Specifically, the first control level, or NOx control level, receives NOx emissions measurement data and NOx target values, as given by the environmental requirements, and generates a combustion pulsation target value that is based on the difference between the target NOx emissions level and the measured NOx emissions level; the generated combustion pulsation target value is cascaded to the second control level of the control system. The second level is a combustion pulsation control level and adjusts a fuel flow distribution to the main and supplementary burner groups of the multiple burners or to the main and supplementary stages of each of the multiple burners in the gas turbine combustion system. The combustion system operated with said fuel flow distribution meets the combustion pulsation target as well as the NOx emission target given by the environmental requirements.

The fuel distribution among the burners is a distribution among main burner groups and supplementary burner groups or among main and supplementary stages. It is given by a fuel flow ratio defined by


γ=msupp/mtotal=(mtotal−mmain)/mtotal

where
mSUPP is the mass flow to supplementary burner groups or supplementary burner stages,
mtotal is the total fuel mass flow,
mmain is the mass flow to main burner groups or main burner stages.

A gas turbine combustion system, to which the cascade control system is applicable, includes main and supplementary burners arranged at the inlet to a single combustion chamber. The main and supplementary burners may be arranged in various ways. For example, the main and supplementary burners are arranged alternately along the circumference of the chamber inlet, or there can be a greater number of main burners compared to supplementary burners. In the mentioned cases, the main burners are, for example, operated with a richer fuel than the supplementary burners, which allows a more stable combustion process. The greater flame stability is, however, at the expense of increased NOx emissions due to burners operating with the greater fuel-to-air ratio.

A further gas turbine combustion system, to which the cascade control system is applicable, includes multiple burners leading into one single combustion chamber, where each burner is associated with different burner stages, for example, a premixing stage, and a pilot stage configured in the form of a lance. The two stages can also be any two different pre-mixing stages.

As mentioned, the control system is applicable to a combustion system with multiple burners leading into one combustion chamber. The combustion system may include multiple burners and one combustion chamber, where all burners lead into that one combustion chamber. The combustion system may also include multiple burners and two combustion chambers arranged in sequence downstream from one another. Again, all burners lead into the one single, first combustion chamber.

The NOx control level includes means to receive two sets of input values, the target NOx emissions levels as determined by environmental or government requirements and the NOx emissions levels as measured in the exhaust of the gas turbine.

The NOx control level further includes means to calculate a pulsation target based on the difference between the measured and target NOx emissions levels. The pulsation target comprises one or more values of pulsation targets, where each of the one or more values is attributed to a predetermined pulsation frequency critical for the given gas turbine combustion system.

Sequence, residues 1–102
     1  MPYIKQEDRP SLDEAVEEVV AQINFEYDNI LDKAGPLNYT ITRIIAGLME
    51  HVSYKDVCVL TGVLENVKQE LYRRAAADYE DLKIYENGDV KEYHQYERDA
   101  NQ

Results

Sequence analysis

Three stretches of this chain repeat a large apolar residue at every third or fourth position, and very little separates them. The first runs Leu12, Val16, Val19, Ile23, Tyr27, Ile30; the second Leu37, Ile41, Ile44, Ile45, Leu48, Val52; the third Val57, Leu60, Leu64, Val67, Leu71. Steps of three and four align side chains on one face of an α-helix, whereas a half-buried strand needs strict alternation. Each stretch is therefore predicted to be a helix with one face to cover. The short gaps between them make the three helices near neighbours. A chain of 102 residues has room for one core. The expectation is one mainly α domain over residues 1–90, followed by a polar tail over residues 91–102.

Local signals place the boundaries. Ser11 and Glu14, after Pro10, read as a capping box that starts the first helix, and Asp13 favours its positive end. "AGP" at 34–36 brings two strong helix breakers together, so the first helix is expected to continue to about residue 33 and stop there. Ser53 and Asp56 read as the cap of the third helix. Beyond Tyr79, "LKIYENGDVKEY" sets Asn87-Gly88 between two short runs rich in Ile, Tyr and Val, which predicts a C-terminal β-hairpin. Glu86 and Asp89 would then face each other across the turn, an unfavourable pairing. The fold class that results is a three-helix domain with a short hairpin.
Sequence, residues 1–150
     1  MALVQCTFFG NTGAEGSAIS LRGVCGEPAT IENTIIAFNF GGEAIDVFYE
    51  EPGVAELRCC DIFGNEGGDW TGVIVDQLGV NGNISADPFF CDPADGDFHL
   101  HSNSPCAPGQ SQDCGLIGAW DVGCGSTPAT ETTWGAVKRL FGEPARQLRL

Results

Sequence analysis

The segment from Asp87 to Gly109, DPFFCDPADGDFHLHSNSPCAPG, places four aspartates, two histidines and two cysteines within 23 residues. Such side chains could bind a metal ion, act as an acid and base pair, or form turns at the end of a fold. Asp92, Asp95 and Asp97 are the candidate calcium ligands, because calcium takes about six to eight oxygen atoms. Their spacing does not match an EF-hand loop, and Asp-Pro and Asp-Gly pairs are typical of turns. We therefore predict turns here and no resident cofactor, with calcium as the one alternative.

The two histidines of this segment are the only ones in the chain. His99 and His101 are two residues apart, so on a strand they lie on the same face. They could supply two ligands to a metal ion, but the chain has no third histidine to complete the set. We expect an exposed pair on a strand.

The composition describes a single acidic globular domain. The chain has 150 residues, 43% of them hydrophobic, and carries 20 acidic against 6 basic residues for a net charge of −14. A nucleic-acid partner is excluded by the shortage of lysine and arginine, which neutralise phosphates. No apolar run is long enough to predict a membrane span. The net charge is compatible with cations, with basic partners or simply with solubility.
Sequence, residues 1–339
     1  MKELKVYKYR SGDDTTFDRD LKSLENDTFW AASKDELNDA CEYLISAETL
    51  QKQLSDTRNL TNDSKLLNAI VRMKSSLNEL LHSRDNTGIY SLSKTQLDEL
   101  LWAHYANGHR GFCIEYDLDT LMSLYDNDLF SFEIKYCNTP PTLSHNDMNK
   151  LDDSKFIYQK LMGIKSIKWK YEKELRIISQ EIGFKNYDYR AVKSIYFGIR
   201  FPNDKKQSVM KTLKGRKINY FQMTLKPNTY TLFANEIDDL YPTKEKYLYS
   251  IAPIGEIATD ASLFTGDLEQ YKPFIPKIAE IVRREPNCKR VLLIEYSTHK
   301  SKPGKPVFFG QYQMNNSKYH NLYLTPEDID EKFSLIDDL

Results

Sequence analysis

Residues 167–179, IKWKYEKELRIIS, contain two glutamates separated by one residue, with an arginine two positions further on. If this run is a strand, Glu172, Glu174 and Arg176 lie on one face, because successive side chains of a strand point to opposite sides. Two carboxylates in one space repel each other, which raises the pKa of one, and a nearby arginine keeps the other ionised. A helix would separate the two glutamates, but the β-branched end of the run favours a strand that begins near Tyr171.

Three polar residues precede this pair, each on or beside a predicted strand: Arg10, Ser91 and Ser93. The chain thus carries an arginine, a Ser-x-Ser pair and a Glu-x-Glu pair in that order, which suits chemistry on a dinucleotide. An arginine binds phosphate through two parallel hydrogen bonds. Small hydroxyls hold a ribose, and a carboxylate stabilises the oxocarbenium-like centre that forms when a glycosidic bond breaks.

The pulsation control level comprises means to receive pulsation measurement data, including one or more pulsation levels measured in the gas turbine combustion system, a means to band-pass filter the pulsation measurement data, and means for measurement conditioning the band-pass filtered data. Measurement conditioning is a type of pre-processing the band-pass filtered data. It furthermore includes means for error processing, which determines the error between the measured pulsation levels and the calculated pulsation target values and further determines the error that is most relevant to the combustion system. Finally, the system includes means for calculating the supplementary fuel flow ratio γ based on the error processing. The value of γ is determined such that a NOx level target is fulfilled, while pulsations as low as possible are assured.

The cascade control system according to the invention is a closed-loop system. As the combustion system is operated at a calculated fuel flow ratio γ, the control system continuously receives measured pulsation and NOx levels and recalculates an optimum fuel flow ratio γ.

Pulsation levels in the combustion chamber can be measured more rapidly than NOx emissions in the exhaust of the turbine. For this reason, in an exemplary embodiment of the control system, the pulsation control level is adjusted to operate faster than the NOx emissions control level.

The control system according to the invention is particularly applicable to a combustion system with multiple burners arranged circumferentially about the gas turbine rotor axis and leading into an annularly shaped combustion chamber. It is further applicable to a combustion system comprising multiple burners arranged in an array radially adjacent to the gas turbine rotor. This type of combustion system is also referred to as side-mounted.